Consumer associations and adaptation specialists are exploring ways to share disaster costs more fairly across society
* Less than half German homeowners have flood cover
* Higher premiums seen as climate change drives flooding
* Uninsured households at risk of debt to fund clean-up
By Arthur Neslen
BRUSSELS, July 23 (Thomson Reuters Foundation) - Homeowners struggling to clean up after the deadly floods that swept Germany and Belgium last week could face an added financial strain in the years ahead as insurers move to hike premiums to reflect rising climate risks, industry analysts say.
"Market risk premiums have to be balanced with the underlying risk," said Ernst Rauch from Munich Re, adding that higher premiums were likely within two years following the flooding that killed 191 people in Germany and Belgium.
"Driven by the changing risk situation it's almost a 'must' in order to maintain a sustainable insurance scheme long term," Rauch, chief climate scientist at the insurance firm, told the Thomson Reuters Foundation.
Many other homeowners could be forced to take on debt to repair the damage: Less than half of German households have specific flood insurance cover even as climate change drives more frequent and severe flooding, according to Munich Re.
Across Europe, about 65% of economic losses from natural disasters were uninsured in 2019, said the European Insurance and Occupational Pensions Authority, and the latest flood devastation has given impetus to reform calls.
Germany's VZBV consumer association called earlier this week for sharing flood risk costs across all home policies, as happens under Britain's Flood Re scheme, to prevent the most at-risk from being unable to afford insurance.
Such a shift in the sharing of costs should be "enshrined in (German) law without delay", it said.
Premiums for average homes in German flood zones are currently "somewhere in the order of 400 euros" per year - compared to between 100-300 euros in non-flood zones, Rauch said.
But he questioned whether German consumers would accept higher aggregate premiums to protect people living in flood-prone areas.
It would also be "a negative and reverse incentivisation" for the property sector in such places, he said, removing the financial incentive to avoid living in flood-risk zones.
Germany's insurance firms took a 1.7-billion euro hit from severe weather in June, according to the German insurance association, and some industry reports suggest last week's floods may be some of the costliest ever.
As climate change drives more extreme weather around the globe - from record heatwaves to harsher droughts and floods - such scenes may become less unusual, however.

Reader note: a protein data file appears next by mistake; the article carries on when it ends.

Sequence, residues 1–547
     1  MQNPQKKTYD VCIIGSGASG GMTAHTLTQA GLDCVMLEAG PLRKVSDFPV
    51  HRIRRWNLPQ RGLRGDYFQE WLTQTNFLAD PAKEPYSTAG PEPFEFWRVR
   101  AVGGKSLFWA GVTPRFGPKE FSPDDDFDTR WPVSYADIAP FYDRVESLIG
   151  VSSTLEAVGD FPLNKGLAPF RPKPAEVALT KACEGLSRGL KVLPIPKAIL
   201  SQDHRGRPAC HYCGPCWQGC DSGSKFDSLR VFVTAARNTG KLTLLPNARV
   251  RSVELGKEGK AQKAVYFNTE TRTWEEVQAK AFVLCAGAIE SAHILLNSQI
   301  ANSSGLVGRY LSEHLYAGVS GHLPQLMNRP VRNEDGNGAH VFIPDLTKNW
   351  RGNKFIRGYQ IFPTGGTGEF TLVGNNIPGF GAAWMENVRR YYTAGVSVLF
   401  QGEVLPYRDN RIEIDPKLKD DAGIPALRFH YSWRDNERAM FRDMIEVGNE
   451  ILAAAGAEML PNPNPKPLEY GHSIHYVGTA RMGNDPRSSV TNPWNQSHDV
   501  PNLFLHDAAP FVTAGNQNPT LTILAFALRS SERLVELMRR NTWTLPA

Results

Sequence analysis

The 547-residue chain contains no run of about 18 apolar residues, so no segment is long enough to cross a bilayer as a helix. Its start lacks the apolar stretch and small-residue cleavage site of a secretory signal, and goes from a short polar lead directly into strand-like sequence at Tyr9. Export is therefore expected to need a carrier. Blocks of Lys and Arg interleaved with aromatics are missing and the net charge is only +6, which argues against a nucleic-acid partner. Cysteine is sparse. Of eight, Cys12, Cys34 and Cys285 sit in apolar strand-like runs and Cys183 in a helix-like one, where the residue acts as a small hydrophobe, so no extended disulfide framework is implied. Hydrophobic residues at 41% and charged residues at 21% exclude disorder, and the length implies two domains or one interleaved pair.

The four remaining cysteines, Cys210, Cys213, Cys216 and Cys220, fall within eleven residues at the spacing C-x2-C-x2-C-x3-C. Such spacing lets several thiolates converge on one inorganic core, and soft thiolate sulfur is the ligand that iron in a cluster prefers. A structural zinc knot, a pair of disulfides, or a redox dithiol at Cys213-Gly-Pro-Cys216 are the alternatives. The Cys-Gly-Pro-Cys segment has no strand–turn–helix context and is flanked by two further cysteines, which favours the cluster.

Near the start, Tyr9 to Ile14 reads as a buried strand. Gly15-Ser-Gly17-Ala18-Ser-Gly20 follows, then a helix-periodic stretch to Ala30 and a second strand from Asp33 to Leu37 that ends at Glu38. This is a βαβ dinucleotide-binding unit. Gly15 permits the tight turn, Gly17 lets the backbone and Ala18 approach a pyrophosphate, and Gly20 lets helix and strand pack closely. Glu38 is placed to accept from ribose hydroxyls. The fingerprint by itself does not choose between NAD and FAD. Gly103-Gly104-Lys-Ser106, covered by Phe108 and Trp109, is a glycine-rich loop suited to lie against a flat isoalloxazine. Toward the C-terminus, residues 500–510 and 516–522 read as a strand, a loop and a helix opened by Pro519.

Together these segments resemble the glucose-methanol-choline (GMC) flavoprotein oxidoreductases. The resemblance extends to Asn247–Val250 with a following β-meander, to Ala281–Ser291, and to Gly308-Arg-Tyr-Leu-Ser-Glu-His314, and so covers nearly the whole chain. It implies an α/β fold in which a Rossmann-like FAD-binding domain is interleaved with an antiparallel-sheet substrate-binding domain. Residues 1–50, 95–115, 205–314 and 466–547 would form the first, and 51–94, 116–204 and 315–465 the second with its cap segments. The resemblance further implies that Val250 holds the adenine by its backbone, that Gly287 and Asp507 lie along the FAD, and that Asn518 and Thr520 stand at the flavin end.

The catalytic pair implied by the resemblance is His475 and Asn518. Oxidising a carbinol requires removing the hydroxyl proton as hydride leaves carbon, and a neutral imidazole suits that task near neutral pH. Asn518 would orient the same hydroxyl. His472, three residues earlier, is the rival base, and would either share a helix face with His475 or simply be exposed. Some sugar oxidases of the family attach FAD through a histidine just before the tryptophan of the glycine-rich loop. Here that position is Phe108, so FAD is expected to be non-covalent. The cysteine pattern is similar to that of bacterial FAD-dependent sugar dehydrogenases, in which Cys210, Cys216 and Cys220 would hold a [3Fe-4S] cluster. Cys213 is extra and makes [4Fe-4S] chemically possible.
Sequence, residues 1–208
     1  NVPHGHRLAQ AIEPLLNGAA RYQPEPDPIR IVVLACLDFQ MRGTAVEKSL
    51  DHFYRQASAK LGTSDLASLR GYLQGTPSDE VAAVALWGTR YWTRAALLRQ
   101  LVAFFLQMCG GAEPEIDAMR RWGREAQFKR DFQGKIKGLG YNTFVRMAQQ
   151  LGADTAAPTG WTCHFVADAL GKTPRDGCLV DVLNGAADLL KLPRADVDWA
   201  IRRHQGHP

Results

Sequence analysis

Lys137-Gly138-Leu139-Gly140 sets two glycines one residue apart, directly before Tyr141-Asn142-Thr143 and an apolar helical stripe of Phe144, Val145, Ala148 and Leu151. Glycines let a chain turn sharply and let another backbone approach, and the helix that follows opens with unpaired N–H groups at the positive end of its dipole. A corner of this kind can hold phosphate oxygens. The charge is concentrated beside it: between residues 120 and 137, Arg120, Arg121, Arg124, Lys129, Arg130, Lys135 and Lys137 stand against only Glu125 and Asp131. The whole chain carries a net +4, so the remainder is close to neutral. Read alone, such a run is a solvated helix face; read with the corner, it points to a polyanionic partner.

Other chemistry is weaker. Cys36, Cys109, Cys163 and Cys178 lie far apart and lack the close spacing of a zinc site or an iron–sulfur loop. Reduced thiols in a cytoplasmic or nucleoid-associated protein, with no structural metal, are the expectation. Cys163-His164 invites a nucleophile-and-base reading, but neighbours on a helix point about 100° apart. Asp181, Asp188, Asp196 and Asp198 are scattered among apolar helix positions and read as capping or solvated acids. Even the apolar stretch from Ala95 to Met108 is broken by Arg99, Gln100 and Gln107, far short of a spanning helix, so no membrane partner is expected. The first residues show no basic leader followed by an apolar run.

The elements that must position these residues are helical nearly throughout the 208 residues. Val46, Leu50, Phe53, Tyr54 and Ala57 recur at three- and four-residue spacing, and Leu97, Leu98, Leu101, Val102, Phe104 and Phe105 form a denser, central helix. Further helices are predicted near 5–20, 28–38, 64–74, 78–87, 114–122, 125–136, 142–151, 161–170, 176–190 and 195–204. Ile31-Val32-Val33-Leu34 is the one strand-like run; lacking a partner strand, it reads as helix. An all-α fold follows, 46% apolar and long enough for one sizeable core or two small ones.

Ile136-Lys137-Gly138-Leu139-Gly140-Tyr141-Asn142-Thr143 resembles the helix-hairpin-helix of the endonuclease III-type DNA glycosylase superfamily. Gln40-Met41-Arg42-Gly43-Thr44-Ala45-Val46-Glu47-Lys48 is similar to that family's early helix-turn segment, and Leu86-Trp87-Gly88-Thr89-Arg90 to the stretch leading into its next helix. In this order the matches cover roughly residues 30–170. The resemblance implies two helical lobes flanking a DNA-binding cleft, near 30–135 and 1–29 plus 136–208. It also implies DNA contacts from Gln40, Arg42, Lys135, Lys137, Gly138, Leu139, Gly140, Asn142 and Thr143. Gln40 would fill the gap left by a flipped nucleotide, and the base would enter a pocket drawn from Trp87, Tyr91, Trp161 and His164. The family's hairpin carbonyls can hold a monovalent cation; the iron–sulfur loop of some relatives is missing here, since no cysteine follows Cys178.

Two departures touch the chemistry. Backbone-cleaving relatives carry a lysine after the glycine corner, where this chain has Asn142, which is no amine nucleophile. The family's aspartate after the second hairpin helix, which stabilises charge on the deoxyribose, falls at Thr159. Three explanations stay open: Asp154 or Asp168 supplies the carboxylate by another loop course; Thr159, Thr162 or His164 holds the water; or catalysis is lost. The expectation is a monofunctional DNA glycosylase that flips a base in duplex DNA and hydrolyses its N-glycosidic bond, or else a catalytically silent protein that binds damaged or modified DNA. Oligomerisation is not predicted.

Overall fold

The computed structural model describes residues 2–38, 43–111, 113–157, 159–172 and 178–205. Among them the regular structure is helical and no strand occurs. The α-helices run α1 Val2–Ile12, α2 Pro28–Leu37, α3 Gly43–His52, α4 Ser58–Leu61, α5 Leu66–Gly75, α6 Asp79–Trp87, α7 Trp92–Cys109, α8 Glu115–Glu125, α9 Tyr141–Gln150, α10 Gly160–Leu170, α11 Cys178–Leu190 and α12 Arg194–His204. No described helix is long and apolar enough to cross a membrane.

If emissions from fossil fuels continue to rise, as at present, "we can expect that these very extreme precipitation events will become much more frequent and intense," said Sonia Seneviratne, a climate scientist at ETH Zurich.
Munich Re's data over the last 40 years shows "an upward trend in terms of frequency of these (extreme weather) loss events, and the size of the losses", Rauch said. This was "likely linked to climate change", he added.
Swenja Surminski, the head of adaptation research at the UK-based Grantham Research Institute on Climate Change and the Environment, said the insurance sector should push for more disaster management funds to be spent reducing disaster risks.
Currently, responding to disasters afterward takes up 88% of funding, she said.
Such spending "is not sustainable and the insurance industry is a powerful player to help shift this narrative for society, not only as a responsible sector but also with a view to secure the viability of its own business model," Surminski said.
SADDLED WITH DEBT
The German government has already announced an emergency aid fund of 200 million euros to support regions affected by the floodwaters, which it may boost further.
But Daniel Freund, a Green Party member of the European parliament from Aachen - a city hard-hit by the floods - said by phone there was "clearly a risk" that householders could be saddled with debt to fund clean-up efforts.
Usually after disasters, "in the first instance people reach into their savings", said Bronwyn Claire who manages the Cambridge Institute for Sustainability Leadership's ClimateWise programme.
"Hopefully they have a small kitty to cover the immediate implications... but you really start to see the differences (for disaster recovery) in the medium term" - when people return to school, work and normal life, she added.
Freund said the final losses were still uncertain, but the scale of the trauma was already becoming clear.
"The little creeks I played in as a boy suddenly turned into torrents that swept away entire houses," he said.
"It was quite awful to see. Never in the last hundred years has the water risen anywhere close to these levels. It's unheard of."
(Reporting by Arthur Neslen; Editing by Helen Popper and Laurie Goering. Please credit the Thomson Reuters Foundation, the charitable arm of Thomson Reuters, that covers the lives of people around the world who struggle to live freely or fairly. Visit http://news.trust.org)
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